Implants Vs. Root Canal, Crown Exposure or Dental Post
Table of Contents
- Who are the best candidates for dental implants?
- What dental services do you provide?
- What are the benefits of having dental implants as opposed to other forms of dental treatment?
- Do dental implants require any additional maintenance post-op?
- How can ADHP help me make the right choice for appropriate dental care?
Affordable Dental Health Providers, (ADHP) was founded by Ron Barbanell, D.D.S., D.M.Sc., in 1976. We at ADHP believe that appropriate dentistry begins with the concept set forth in the age-old adage “if it isn’t broken, don’t fix it." When teeth do need fixing we believe “less is often more,” meaning we like to provide appropriate, conservative and economical care that achieves good long-term outcomes. We accept as common knowledge that the natural integrity of the dental enamel of “virgin” teeth may be irreversibly and detrimentally altered by any invasive cutting, grinding or other forms of abrasion. Such loss of natural protection (by dental “fixing”) begins a process known as the “cycle of restoration” written about extensively over the years by Dr. J. Bader. The concept generally predicts that teeth with small fillings ultimately and repeatedly get fixed with larger fillings overtime until those teeth often require crowns. Later, many of those “fixed” teeth get replaced by bridges as various other previously “fixed” teeth are often lost due to failed root canal therapy, failed posts, progressive periodontal disease, and mechanical failure.
Based upon your accepting and understanding how delicate teeth really are we urge you to never ever replace a single lost tooth by the traditional method of grinding down to stubs adjacent virgin teeth to accomplish replacement with a “so called” traditional permanent bridge. At ADHP our single implant replacement of one lost tooth costs less than two natural tooth supported bridge replacing a single lost tooth. The dental implant approach does not initiate the “cycle of restoration” that would be the case when cutting two teeth to make the stubs that support this type of “permanent replacement.” Appended is a very objective article by Dr. Gordan Christianson regarding his recommendations and usual fees around the country for both approaches. It is noteworthy that Dr. Christianson validates much of what is set forth herein, as well as shows our fees are at least the national average. He also introduces a subject studied at length by Dr. Bader and others (summaries appended) as to why and how dentists often make treatment planning decisions and why recommendations are so often so radically different between dentists. This will be discussed further below and give you (the consumer) a bit more to consider when picking dentists and their plans for you.
Persons reading this editorial (you) are generally the victims of various forms of dental treatment failures related to the culmination of the “cycle of restoration.” That is why you are seeking information about dental implants and might have benefited from implants sooner rather than have alternatively chosen “fixed” tooth or teeth alternatives, if in fact such alternatives were ever mentioned to you. Your personal and professional care plays a role in outcome, but your genetic predisposition to dental disease is a very dominant factor when considering treatment planning where experience with dental diseases are historically progressive.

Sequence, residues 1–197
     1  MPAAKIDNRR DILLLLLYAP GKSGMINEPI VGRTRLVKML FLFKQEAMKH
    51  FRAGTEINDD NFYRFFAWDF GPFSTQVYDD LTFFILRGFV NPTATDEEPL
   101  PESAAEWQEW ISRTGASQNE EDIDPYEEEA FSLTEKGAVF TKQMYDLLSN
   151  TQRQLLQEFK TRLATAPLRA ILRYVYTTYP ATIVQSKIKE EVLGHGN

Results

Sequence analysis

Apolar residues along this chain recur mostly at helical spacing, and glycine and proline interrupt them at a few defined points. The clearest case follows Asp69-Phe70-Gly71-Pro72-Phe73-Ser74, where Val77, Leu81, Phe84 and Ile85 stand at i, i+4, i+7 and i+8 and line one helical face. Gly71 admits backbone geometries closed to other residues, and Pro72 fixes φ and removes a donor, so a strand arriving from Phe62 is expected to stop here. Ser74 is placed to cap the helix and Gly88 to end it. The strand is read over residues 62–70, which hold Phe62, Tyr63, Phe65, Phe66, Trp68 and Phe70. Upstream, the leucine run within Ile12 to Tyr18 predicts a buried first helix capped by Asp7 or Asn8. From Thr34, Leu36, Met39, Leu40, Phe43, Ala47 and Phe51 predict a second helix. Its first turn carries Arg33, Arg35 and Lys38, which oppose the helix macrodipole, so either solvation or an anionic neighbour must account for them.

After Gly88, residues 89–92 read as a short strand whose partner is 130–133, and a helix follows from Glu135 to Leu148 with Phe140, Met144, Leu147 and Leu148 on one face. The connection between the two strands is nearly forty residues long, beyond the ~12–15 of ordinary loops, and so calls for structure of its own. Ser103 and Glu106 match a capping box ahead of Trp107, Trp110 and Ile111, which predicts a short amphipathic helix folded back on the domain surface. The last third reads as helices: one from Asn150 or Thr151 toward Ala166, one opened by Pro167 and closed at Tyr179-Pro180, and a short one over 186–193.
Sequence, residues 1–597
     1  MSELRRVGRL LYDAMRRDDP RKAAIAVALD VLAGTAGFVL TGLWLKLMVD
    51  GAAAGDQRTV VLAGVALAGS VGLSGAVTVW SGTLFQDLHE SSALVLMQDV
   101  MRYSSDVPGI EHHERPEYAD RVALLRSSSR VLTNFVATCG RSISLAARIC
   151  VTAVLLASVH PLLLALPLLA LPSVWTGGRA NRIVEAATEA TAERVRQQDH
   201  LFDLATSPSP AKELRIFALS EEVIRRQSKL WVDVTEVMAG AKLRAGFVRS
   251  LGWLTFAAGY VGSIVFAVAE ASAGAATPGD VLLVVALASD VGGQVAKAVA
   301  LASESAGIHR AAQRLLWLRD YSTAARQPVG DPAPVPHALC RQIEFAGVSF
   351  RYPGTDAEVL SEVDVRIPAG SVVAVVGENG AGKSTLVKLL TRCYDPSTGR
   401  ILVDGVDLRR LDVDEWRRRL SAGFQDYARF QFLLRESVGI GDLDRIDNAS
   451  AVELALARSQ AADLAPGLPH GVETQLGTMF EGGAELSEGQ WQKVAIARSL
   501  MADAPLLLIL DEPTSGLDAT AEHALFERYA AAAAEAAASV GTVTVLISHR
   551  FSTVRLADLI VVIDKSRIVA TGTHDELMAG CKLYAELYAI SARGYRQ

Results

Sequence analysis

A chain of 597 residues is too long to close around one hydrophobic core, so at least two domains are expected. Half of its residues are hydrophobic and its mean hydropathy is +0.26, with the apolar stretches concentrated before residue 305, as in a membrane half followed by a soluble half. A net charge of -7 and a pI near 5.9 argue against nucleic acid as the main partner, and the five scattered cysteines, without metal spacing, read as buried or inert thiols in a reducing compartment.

At ADHP we “fix” diseased or damaged teeth when that alternative is appropriate. We discourage elective invasive treatment of teeth for subtle esthetic changes. We encourage fillings and crowns be “fixed” by repair, rather than replacement when appropriate because new “fixes” (replacements) always involve more and deeper cutting and grinding of affected teeth. Additional removal of tooth structure to replace dental restorations causes increasing cumulative trauma to the tooth nerve. In addition cumulative violation of the natural integrity of teeth makes them increasingly susceptible and permeable to heat generated by drilling, and inflammation due to applied chemicals. Toxins from bacteria leak into tooth root structure and ultimately to the dental nerve through filling and crowns due to micro-leakage and mechanical failure of fillings. Teeth with root canal therapy become increasingly brittle over time, further compromising tooth integrity and resistance to dental diseases. As “fixing” often involves foreign objects (full crowns) being placed for esthetic reasons beneath the gums, promoting progressive periodontal disease may be another negative consequence. Badly broken-down dentitions with multiple missing or decayed teeth, (commonly in the presence of advanced periodontal disease) can be replaced with more and longer invasive “permanent” bridges to avoid the alternative of removable appliances (partial dentures). However, newer, perhaps better, even more affordable long lasting ways to “fix” major partial or complete edentulism are emerging, and are now more commonly available. These include dental implant strategies of various names such as “Same Day Implants” or “All on 4” and other hybrid approaches which can be more affordable and long lasting than traditional “tooth fixing” approaches to restore full upper or lower jaw dentitions where all or most teeth have been lost. Replacing many missing teeth by relying upon complex, technique sensitive “fixes” using disease susceptible teeth as the support for traditional dental appliances makes predictable long term outcomes of those approaches less favorable than implant supported alternatives.